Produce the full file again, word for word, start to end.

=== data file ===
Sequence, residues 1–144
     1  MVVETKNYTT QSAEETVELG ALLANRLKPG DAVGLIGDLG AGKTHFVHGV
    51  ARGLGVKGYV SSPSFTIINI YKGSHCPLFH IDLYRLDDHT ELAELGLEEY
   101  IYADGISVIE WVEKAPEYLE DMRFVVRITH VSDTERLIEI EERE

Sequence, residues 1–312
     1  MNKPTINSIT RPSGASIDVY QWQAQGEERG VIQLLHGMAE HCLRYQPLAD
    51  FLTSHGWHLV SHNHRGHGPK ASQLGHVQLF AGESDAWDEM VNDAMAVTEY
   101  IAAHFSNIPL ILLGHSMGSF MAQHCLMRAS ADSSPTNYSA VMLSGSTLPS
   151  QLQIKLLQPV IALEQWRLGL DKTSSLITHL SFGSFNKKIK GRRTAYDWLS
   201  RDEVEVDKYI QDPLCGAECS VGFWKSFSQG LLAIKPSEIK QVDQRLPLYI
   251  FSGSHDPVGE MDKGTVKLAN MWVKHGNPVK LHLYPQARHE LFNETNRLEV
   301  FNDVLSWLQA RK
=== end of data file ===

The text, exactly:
Sequence, residues 1–144
     1  MVVETKNYTT QSAEETVELG ALLANRLKPG DAVGLIGDLG AGKTHFVHGV
    51  ARGLGVKGYV SSPSFTIINI YKGSHCPLFH IDLYRLDDHT ELAELGLEEY
   101  IYADGISVIE WVEKAPEYLE DMRFVVRITH VSDTERLIEI EERE

Sequence, residues 1–312
     1  MNKPTINSIT RPSGASIDVY QWQAQGEERG VIQLLHGMAE HCLRYQPLAD
    51  FLTSHGWHLV SHNHRGHGPK ASQLGHVQLF AGESDAWDEM VNDAMAVTEY
   101  IAAHFSNIPL ILLGHSMGSF MAQHCLMRAS ADSSPTNYSA VMLSGSTLPS
   151  QLQIKLLQPV IALEQWRLGL DKTSSLITHL SFGSFNKKIK GRRTAYDWLS
   201  RDEVEVDKYI QDPLCGAECS VGFWKSFSQG LLAIKPSEIK QVDQRLPLYI
   251  FSGSHDPVGE MDKGTVKLAN MWVKHGNPVK LHLYPQARHE LFNETNRLEV
   301  FNDVLSWLQA RK